Rosary Crusade 2006


14th October 2006


For the 23rd time, Catholics took to the streets of London to proclaim their devotion to the Mother of God during the Rosary Crusade of Reparation.  Nearly two thousand faithful thronged the route from Westminster Cathedral to Brompton Oratory as the four foot high statue of Our Lady of Fatima, blessed by Pope Pius XII, was carried in a manner fit for a queen.  Traffic was brought to a halt in Victoria Street, Sloane Street and along the Brompton Road by the Metropolitan Police Service to make way for the Queen of Heaven and her army of followers.  Hearkening back to bygone days when mighty Catholic processions brought towns and villages to a halt, the Rosary Crusade proclaimed the Faith in the heart of London. 

As Father Andrew Southwell intoned the Credo to begin the Crusade, police motorbikes roared into action to lead us into the crowded streets.  The crucifer, with Crucifix, flanked by two acolytes with torches, led the procession proper.  They were followed by a dozen servers in cassock and cotta, and Brothers of the Little Oratory of St Philip Neri in the red and black robes of the Confraternity of the Precious Blood (quite appropriate as the Cathedral is, of course, dedicated to the Precious Blood).  Then followed a good contingent of the Sovereign Military Hospitaller Order of St John of Jerusalem of Rhodes and of Malta (usually known as the Knights of Malta) and a number of priests, including Fr Tim Finigan of the parish of Our Lady of the Rosary, Blackfen who was invited to preach during the Crusade.  Finally,  the blue bier of Our Lady filled with mauve bridal roses, and pink and white carnations took the place of honour, held aloft by the Catholic Police Guild, (ably managed by Tony O’Brien), and flanked by four flower girls in white communion dresses.  Another dozen flower girls followed with a few young boys before the massed ranks of the faithful, held back by a blue cord and several Crusade Marshals, stretched into the distance.  With such a huge crowd, it was impossible to pray all together but several megaphones manned by Anthony de la Rue, Brother Sean (a Franciscan Friar of the Renewal), and Mrs Yvonne Windsor led the rosary, prayers and hymns.  Soon Victoria Street was filled with the sound of prayer and hymns echoed from the surrounding buildings.  Heading towards Sloane Square, the procession skirted Eaton Square and then turned north along Belgrave Place into Belgrave Square, west down Pont Street and north again up Sloane Street where Saturday afternoon shopping was in full swing.  Pirouetting Knightsbridge underground station, the procession headed westwards once again down Brompton Road, past Harrods (coincidentally drowning out the ubiquitous animal rights protesters) and the smart Knightsbridge shops, before arriving at the magnificent Victorian Italianate church of the Immaculate Heart of Mary (Brompton Oratory).  The crowd streamed through the three large doors past the neo-classical columns to fill to bursting one of the largest churches in England and Wales.  As the last of the procession entered the church, the organ opened up with “Hail Queen of Heaven” as the formal procession of servers and priests followed by Our Lady and her entourage entered the vast church.  Two thousand throats erupted in praise of Our Blessed Mother as she made her way into the beautiful sanctuary.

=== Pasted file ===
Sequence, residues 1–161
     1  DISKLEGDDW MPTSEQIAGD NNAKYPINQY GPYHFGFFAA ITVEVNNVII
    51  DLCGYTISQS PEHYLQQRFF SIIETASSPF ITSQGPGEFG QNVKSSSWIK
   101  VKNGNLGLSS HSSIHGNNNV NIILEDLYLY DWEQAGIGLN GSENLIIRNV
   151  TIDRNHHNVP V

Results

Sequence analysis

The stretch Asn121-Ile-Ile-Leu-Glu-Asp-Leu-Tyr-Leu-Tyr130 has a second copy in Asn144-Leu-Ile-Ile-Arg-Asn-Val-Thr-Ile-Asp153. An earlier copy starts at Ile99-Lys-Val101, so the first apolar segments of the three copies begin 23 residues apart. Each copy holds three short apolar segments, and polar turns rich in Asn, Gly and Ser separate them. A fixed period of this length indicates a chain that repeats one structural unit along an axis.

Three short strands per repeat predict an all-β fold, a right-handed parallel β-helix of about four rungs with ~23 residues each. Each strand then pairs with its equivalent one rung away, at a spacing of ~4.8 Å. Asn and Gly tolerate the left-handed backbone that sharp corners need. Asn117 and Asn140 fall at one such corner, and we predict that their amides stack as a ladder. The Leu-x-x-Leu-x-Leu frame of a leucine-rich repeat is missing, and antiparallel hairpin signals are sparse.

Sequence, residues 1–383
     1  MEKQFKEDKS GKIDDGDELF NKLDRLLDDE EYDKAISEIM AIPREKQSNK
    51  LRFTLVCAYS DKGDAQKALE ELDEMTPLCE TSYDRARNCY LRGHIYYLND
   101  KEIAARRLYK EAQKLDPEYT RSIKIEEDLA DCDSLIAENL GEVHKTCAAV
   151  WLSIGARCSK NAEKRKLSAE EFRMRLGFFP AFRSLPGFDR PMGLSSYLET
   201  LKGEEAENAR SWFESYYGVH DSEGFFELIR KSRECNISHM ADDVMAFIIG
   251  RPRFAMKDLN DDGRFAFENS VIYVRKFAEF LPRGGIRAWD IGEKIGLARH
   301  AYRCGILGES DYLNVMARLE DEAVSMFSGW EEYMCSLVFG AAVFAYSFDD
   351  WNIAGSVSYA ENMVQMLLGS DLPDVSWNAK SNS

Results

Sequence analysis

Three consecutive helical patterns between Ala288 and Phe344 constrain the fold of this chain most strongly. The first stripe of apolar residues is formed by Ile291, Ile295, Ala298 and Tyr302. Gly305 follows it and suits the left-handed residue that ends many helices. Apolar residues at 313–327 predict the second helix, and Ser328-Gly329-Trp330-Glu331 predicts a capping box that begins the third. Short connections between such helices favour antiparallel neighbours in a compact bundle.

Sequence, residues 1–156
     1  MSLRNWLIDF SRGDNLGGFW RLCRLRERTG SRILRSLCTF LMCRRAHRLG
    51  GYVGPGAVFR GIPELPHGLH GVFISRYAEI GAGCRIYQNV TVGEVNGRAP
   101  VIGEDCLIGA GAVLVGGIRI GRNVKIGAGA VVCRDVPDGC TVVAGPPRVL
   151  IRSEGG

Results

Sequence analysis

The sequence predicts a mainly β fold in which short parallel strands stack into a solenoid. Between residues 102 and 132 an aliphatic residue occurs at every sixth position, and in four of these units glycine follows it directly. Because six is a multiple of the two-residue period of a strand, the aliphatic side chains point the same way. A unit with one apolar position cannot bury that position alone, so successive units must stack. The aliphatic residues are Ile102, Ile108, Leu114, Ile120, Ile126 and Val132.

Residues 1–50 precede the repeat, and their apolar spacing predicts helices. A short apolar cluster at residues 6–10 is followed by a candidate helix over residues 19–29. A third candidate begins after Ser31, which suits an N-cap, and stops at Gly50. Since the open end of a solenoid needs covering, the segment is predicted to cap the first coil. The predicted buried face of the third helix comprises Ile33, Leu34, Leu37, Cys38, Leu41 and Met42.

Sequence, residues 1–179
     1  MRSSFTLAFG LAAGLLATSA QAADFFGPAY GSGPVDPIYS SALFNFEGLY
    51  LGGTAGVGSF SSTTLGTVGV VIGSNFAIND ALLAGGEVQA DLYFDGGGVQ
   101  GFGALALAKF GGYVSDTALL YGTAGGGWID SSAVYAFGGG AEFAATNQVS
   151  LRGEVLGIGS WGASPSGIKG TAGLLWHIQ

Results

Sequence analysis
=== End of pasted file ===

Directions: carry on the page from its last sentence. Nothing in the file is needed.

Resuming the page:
Fr Ronald Creighton-Jobe, Spiritual Director of the Crusade, welcomed the huge congregation before leading them in prayer and song.  There was a reading from the Book of the Apocalypse (“Woman clothed with the sun”) before Fr Finigan tied everything nicely together with his sermon.  There was enrolment in the Scapular of Our Lady of Mount Carmel, a few announcements and thanks to the many people who labour to make the Crusade a reality, and then it was time for Our Lady to say goodbye as she processed down the nave to the side altar of St Mary Magdalene.  Like the vast crowds in Fatima, the congregation waved their hymn books in a fond farewell, singing the Fatima hymn.  But as Our Lady disappeared, Our Lord appeared as the bell rang for Solemn Benediction, in Latin.  Finally, as the priests and servers made their way to the sacristy, the Crusade ended with the rousing Faber hymn, so appropriate in Faber’s church, “Faith of Our Fathers.” 

A lovely day; a magnificent day; a day to thrill the hearts of all true believers.  How wonderful that Fr Hugh Thwaites, SJ had inspired this devotion so many years ago, but sad that for the first time ever, Fr Thwaites, due to age and infirmity, was not able to join us.  However, he would have loved it.

Details of next year’s Rosary Crusade, which will take place on the 90th Anniversary of the “Miracle of the Sun,” 13 October 2007, can be obtained from the Honourable Secretary, The Rosary Crusade of Reparation, 14 Beryl Road, London W6 8JT.